OLYMPIA – Voters will get another chance to decide whether they want to approve charter schools for Washington. Initiative 1240 has enough valid signatures to qualify for the Nov. 6 ballot, the secretary of state’s office said Wednesday.
Over 21 days, supporters spent about $2.1 million to collect about 357,000 signatures, far more than the 241,000 required to put an initiative on the ballot. The state Elections Division said a random sampling of the petitions showed a rejection rate of about 16 percent, which is below average.
I-1240 became the sixth ballot measure for the November election.
Under the initiative, charter schools would operate under special contracts that outline powers, responsibilities and performance expectations. As many as 40 such schools could be set up in the state over the next five years by public school districts or nonprofit organizations.
Worker fired amid embezzlement case
The city of Coeur d’Alene has fired a finance department employee suspected of embezzling city money.
The employee’s termination was effective 5 p.m. Tuesday after she failed to show up for a personnel meeting with department heads Monday afternoon to address the allegations, City Attorney Mike Gridley told the Coeur d’Alene Press.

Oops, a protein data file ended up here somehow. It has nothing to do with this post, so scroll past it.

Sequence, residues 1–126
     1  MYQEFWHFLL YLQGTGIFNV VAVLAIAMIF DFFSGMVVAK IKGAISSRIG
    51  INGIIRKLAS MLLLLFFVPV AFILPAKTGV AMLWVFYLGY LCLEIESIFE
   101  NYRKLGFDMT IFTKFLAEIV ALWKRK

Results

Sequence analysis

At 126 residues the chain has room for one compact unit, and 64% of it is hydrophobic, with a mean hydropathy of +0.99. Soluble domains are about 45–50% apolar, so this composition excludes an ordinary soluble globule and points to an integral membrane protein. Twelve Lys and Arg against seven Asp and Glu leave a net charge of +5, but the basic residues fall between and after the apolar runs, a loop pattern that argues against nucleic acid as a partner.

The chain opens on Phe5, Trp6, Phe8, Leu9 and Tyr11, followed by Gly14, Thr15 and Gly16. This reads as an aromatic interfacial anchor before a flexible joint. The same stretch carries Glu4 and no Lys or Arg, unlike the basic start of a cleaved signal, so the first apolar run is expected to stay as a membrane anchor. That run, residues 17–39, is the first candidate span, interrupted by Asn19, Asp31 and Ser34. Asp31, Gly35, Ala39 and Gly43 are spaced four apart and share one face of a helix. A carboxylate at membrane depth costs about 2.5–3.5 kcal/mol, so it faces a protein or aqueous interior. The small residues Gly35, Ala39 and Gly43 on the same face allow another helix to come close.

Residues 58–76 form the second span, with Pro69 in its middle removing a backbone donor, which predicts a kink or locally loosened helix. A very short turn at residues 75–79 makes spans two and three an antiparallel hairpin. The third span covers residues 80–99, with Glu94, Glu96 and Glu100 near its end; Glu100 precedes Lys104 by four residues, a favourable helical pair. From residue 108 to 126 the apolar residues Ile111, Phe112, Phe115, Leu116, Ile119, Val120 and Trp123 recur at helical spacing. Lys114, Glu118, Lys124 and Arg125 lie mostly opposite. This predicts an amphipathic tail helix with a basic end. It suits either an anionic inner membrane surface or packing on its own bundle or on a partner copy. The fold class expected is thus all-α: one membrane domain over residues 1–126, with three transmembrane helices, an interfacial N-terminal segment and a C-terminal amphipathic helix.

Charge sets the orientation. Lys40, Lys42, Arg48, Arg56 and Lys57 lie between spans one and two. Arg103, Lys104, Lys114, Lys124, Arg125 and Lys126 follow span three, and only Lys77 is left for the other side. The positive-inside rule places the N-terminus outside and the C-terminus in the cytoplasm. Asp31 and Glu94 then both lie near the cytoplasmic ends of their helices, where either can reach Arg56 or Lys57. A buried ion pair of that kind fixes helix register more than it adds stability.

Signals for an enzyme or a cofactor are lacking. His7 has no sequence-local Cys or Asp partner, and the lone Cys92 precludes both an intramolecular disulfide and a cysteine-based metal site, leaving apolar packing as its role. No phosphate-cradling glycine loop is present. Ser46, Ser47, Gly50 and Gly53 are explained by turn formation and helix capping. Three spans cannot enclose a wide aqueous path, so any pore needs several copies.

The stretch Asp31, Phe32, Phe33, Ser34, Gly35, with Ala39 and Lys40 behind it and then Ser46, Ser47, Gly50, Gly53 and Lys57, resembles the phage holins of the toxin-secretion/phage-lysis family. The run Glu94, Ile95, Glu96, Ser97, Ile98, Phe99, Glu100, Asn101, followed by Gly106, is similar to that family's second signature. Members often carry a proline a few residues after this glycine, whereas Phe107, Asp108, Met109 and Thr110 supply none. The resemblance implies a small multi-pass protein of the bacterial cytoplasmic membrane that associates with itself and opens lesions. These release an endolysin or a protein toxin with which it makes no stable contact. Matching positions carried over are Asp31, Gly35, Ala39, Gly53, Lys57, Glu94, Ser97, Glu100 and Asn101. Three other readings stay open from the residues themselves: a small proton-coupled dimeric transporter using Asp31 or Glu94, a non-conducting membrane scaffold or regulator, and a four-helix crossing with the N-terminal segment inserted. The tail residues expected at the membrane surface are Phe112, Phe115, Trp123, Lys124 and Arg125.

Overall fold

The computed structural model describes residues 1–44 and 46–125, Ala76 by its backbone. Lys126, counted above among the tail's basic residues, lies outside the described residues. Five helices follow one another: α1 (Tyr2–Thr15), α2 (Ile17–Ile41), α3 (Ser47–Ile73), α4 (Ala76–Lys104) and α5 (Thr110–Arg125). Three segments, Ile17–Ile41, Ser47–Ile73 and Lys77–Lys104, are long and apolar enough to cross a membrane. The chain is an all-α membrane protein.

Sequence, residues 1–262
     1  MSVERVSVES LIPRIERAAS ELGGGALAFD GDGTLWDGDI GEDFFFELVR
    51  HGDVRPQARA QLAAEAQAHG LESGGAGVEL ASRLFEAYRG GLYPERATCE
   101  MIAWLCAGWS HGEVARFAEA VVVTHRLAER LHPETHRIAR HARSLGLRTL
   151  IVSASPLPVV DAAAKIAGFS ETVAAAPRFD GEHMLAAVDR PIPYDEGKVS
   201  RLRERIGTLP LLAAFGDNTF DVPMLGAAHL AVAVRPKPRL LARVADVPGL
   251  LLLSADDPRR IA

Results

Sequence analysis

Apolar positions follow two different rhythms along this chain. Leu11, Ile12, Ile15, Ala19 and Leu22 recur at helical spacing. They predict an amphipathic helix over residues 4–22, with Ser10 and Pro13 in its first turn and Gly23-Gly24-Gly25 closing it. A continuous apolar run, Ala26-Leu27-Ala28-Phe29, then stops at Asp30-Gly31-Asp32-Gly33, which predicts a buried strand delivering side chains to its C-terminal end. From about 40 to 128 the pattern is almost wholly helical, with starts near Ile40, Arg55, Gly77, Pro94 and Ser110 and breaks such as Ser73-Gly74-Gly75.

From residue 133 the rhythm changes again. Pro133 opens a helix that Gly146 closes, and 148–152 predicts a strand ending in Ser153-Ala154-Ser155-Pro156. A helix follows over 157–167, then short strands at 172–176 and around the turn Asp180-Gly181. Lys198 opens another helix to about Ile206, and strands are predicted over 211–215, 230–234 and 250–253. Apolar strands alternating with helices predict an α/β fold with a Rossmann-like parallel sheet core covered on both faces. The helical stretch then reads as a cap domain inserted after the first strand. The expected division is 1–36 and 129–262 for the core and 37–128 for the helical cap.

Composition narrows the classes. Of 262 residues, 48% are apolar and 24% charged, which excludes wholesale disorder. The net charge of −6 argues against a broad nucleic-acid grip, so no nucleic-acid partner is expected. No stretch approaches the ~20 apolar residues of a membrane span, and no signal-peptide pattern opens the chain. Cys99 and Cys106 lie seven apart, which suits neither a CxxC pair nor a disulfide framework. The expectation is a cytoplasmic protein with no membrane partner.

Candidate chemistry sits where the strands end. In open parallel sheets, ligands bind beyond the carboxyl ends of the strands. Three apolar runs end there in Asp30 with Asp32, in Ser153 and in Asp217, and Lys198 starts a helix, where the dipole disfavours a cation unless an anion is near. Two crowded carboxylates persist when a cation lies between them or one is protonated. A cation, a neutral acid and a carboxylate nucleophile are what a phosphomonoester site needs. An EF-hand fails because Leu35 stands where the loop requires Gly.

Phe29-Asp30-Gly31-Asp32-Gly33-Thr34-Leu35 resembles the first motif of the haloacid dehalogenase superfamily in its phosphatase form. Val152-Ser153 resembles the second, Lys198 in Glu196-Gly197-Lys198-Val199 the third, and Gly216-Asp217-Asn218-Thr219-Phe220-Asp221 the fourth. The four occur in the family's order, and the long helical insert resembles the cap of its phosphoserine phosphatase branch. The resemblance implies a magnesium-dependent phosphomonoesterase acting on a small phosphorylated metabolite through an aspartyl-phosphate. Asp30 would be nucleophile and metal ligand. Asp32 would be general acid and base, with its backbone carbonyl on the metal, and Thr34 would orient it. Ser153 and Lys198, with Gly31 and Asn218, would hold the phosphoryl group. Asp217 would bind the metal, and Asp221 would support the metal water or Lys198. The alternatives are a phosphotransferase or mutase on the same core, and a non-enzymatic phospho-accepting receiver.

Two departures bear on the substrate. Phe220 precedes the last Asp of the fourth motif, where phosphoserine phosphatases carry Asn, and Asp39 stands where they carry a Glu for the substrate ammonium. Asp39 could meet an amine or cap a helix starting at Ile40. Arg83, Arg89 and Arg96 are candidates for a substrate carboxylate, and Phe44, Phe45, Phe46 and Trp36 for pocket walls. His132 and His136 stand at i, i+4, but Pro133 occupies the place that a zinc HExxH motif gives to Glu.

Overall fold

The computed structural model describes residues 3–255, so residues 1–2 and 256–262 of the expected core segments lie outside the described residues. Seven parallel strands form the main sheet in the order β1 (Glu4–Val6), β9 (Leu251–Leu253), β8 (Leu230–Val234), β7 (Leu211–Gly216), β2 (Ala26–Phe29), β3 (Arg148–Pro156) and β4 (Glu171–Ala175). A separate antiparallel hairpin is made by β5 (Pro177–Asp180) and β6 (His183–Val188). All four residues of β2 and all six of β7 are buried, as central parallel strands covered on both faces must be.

The city is not releasing the worker’s name.
Gridley said last week the city had confirmed at least five fraudulent transactions that total thousands of dollars.
Delay to suit sought in missing boy case
PORTLAND – The stepmother of an Oregon boy who vanished two years ago has asked a judge to hold off hearing a suit that says she knows where the boy is.
The lawsuit filed by Kyron Horman’s biological mother, Desiree Young, asks a judge to order Terri Horman to return Kyron or, if he’s dead, say where his remains are. It also seeks $10 million.
Terri Horman said in a brief filed late Tuesday that a criminal investigation is under way and that the civil suit should be stayed two years while it plays out.
Investigators have long focused on Terri Horman, although they have not named her as a suspect.
The suit accuses her of kidnapping Kyron.
Mining company, tribe reach coal deal
BILLINGS – A Wyoming mining company has reached a tentative deal to mine an estimated 1.4 billion tons of coal on southeastern Montana’s Crow Indian Reservation.
Cloud Peak Energy says it would pay the tribe up to $10 million if the deal is approved by the tribal legislature and the Department of Interior.
Agreements between the parties cover three coal deposits near Cloud Peak’s existing Spring Creek mine. Tribal leaders have said the coal could be exported to Asian markets.
The announcement follows a stalled partnership between the tribe and an Australian company to build a $7 billion coal-to-liquids plant on the rural and impoverished reservation along the Wyoming border.